Tech companies call it the “smart home.” You know, your refrigerator talks to Amazon. Your doorbell talks to Apple. Your virtual assistant talks to your kids. How do you feel about that last one? 

Graham Charles is a stay-at-home dad in San Francisco with two daughters: nine year-old Claudia , and 11 year-old Fern. They’ve had an Amazon Echo Dot for a little over a year.

Charles bought it for the house because he wanted to turn the lights on and off. “We have a home automation system but you have to find the app, and now I can just say ‘Alexa, turn off the kitchen counter lights.’”

The girls like to use it for help with homework and play music. A lot of kids (I’m not naming any names here) also like to encourage virtual assistants to say bad words or make fart sounds.

Even though Charles bought the Dot, the virtual assistant is tracking everyone in the home who talks to it. The ostensible intent of the tracking is to deliver a more satisfying, personalized experience, but there are other directives: to track your habits for advertisers — and to make shopping effortless. What stops the girls from stuffing Charles’ Amazon shopping cart with chocolate or chips or whatever?

Meet the Google Home family. Three devices each ready to respond to the sound of your voice -- and your children's voices.
Meet the Google Home family. Three devices each ready to respond to the sound of your voice — and your children’s voices. (Photo: Courtesy of Google)

“You know, I haven’t done that before, but that’s a good idea,” Fern says.

Great. Now I’m corrupting innocent children with my reporting.

But Charles says he’s not really worried about his kids behaving badly — or companies tracking his family, be they Amazon or Nabisco. Some consumer advocates say advertisers shouldn’t be allowed to, but Charles says, “I think the only thing that keeps kids safe is teaching them how to keep themselves safe.”

He adds, “I think that their world is going to be consumed with technology for their entire lives, so they’d better get used to making their own choices about it now.”

His daughter Claudia isn’t so optimistic. She says she even tapes over the camera on the computer she uses. I ask who she worries might be snooping on her.  “Probably the President (Donald Trump).”

Apple is expected to enter the market for virtual assistants later this year with a product called HomePod.
Apple is expected to enter the market for virtual assistants later this year with a product called HomePod. (Photo: Courtesy of Apple)

“Their lives are online. You know, some children have been tracked since they were in utero!” says Yalda Uhls, a research scientist who studies children and media at UCLA and works with Common Sense Media, a non-profit advocacy group for parents. She says there is no privacy for anyone in the way older generations used to think of it. Not even for kids.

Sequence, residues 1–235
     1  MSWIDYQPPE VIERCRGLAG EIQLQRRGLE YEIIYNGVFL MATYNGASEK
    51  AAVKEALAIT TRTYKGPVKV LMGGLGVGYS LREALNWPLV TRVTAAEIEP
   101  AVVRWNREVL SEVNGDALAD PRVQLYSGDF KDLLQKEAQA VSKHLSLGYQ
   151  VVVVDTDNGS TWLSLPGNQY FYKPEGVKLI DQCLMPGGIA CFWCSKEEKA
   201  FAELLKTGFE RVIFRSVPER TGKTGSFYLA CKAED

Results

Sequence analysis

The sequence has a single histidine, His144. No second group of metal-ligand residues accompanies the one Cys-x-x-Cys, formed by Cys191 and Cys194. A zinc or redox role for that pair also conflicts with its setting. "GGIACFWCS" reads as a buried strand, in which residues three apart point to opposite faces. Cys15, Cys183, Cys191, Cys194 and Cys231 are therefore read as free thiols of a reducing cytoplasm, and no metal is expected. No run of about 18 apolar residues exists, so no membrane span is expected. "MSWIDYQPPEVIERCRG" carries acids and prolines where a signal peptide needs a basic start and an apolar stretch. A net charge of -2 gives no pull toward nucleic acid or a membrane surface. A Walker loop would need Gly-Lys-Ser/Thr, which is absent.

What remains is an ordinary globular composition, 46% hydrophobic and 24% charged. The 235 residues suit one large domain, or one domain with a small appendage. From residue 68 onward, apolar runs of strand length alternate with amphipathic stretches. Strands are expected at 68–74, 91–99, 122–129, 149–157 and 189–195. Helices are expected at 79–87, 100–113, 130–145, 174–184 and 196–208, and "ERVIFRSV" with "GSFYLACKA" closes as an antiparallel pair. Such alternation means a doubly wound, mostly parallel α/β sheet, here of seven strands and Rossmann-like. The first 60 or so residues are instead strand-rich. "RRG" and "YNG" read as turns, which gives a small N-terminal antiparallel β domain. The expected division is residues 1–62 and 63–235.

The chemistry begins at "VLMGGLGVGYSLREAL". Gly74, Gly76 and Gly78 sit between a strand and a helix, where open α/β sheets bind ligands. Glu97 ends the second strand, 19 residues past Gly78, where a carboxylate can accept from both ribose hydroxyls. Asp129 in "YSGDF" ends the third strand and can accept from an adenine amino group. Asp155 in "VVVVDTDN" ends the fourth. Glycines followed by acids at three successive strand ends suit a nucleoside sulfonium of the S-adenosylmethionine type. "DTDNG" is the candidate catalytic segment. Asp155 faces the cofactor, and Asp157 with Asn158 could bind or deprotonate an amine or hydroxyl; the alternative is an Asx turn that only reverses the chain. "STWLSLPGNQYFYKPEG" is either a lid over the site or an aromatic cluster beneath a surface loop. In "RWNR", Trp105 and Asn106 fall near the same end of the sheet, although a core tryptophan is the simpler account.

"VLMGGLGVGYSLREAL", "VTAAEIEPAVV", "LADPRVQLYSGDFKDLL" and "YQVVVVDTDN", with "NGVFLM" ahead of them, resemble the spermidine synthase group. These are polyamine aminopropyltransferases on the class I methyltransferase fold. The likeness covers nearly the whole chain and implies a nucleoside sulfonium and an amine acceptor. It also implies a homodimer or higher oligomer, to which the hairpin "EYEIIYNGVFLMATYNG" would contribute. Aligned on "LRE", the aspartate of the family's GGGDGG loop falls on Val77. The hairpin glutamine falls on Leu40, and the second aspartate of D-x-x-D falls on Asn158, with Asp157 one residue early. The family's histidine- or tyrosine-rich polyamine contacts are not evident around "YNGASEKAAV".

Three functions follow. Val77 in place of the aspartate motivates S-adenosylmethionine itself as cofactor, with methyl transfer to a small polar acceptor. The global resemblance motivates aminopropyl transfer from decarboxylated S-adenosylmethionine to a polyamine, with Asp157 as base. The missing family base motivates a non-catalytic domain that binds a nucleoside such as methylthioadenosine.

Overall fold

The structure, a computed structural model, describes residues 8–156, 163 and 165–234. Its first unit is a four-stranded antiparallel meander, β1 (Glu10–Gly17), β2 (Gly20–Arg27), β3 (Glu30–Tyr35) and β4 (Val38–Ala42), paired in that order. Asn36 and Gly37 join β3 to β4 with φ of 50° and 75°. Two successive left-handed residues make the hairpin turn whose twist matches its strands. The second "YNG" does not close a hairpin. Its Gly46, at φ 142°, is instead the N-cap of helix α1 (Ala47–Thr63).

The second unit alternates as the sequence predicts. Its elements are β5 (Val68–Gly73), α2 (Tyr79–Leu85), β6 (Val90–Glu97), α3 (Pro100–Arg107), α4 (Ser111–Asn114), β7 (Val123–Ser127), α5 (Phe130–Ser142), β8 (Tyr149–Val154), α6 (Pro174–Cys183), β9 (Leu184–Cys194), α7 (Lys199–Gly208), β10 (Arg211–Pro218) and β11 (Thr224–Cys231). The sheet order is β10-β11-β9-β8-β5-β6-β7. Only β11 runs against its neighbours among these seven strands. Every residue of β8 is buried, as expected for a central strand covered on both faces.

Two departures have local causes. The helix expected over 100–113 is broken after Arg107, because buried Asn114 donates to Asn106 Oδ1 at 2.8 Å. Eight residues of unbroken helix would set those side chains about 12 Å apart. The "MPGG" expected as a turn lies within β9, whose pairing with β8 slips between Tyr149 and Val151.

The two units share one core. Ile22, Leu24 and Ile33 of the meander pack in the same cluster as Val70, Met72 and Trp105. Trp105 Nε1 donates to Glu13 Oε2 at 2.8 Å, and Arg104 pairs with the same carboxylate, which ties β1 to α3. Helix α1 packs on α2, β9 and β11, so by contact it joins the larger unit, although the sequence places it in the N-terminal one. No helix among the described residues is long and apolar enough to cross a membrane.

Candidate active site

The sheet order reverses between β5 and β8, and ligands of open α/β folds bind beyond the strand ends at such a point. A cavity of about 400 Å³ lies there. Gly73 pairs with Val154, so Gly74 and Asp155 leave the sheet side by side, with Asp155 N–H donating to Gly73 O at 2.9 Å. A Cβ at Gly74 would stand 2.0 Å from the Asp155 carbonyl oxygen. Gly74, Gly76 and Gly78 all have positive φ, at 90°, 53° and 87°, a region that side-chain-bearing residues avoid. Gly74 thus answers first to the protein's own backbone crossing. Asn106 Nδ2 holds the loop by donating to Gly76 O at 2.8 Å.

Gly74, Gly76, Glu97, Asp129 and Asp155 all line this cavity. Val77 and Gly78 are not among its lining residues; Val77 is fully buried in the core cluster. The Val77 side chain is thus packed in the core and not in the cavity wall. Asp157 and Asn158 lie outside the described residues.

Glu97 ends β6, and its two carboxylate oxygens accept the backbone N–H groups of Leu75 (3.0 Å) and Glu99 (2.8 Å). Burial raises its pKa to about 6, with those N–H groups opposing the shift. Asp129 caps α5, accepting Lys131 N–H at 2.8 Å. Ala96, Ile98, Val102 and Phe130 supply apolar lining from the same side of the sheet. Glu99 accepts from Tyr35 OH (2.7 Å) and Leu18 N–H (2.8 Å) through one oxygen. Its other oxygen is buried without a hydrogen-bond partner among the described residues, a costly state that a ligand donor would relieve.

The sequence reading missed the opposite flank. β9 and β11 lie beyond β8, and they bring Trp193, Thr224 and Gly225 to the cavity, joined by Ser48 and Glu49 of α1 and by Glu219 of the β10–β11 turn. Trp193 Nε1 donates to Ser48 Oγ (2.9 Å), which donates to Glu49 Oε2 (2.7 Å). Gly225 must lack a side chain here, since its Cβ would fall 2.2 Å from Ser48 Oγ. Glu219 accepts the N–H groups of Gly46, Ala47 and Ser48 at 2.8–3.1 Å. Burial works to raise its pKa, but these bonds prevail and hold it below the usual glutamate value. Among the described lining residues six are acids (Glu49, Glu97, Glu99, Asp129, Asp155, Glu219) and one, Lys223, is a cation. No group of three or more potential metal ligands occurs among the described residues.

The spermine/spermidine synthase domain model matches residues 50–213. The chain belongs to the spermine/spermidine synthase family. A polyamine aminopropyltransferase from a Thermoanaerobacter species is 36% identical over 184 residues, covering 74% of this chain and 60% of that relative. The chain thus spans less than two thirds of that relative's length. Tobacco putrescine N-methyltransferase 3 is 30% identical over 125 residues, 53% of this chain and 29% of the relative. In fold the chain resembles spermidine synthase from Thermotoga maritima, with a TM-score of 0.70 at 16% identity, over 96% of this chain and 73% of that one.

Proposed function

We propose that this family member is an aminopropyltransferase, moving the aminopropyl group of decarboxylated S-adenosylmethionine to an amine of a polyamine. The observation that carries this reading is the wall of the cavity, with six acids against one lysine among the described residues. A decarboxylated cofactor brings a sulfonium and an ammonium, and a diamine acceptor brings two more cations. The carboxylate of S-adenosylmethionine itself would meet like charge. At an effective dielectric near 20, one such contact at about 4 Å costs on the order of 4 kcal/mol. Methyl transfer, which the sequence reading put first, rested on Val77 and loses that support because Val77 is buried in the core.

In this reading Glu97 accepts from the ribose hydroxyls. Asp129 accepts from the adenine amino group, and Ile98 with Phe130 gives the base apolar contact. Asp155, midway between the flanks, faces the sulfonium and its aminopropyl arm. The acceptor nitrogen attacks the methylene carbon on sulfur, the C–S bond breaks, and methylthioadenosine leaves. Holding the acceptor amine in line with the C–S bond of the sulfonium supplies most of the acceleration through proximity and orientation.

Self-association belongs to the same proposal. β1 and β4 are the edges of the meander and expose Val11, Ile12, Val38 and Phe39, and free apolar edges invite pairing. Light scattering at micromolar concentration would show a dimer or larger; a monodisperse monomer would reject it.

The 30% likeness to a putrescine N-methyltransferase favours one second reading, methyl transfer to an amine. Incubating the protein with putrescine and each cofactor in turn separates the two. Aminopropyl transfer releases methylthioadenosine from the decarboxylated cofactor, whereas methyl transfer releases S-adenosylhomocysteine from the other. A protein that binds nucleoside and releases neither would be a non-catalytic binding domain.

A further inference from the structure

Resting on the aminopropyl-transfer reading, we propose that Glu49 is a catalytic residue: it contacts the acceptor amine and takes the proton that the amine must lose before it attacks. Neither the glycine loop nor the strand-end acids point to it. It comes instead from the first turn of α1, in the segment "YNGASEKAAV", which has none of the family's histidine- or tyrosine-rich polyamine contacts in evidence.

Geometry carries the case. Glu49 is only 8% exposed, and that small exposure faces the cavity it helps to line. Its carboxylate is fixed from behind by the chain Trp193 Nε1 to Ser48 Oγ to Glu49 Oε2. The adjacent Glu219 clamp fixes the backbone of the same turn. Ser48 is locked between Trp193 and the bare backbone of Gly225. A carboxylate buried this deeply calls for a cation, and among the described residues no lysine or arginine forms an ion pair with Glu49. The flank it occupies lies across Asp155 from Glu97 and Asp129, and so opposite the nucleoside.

“Think through every device you bring into the home that they’re going to touch. Because they are going to be tracked,” Uhls says.

What you can do, Uhls says, is help them navigate this brave new world by being a mentor instead of a policeman. “We’re in an attention economy, and yes, these devices grab our attention possibly more than, you know, a movie did, or a TV show did. So teach your child to be a smart consumer and to think about things.”

If Uhls lies awake at night worrying about the future, it’s usually because she just watched an episode of the science fiction show Black Mirror. Like the one called, “Arkangel,” where a mom gets a chip implanted in her daughter’s brain that allows her to monitor what her child sees through a tablet. The idea is to protect her daughter, but, I don’t need to tell you it ends badly.

But that’s science fiction… right?

Children Are Embracing Virtual Assistants And Maybe That’s OK 18 January,2018Rachael Myrow

Author

Rachael Myrow

Rachael Myrow is KQED’s Silicon Valley Arts Reporter, covering arts, culture and technology in San Mateo, Santa Clara and Santa Cruz Counties. She regularly files stories for NPR and the KQED podcast Bay Curious, and guest hosts KQED’s Forum.

Her passion for public radio was born as an undergrad at the University of California at Berkeley, writing movie reviews for KALX-FM. After finishing one degree in English, she got another in journalism, landed a job at Marketplace in Los Angeles, and another at KPCC, before returning to the Bay Area to work at KQED.

She spent more than seven years hosting The California Report, and over the years has won a Peabody and three Edward R. Murrow Awards (one for covering the MTA Strike, her first assignment as a full-time reporter in 2000 as well as numerous other honors including from the Society of Professional Journalists, the Radio Television News Directors Association and the LA Press Club.
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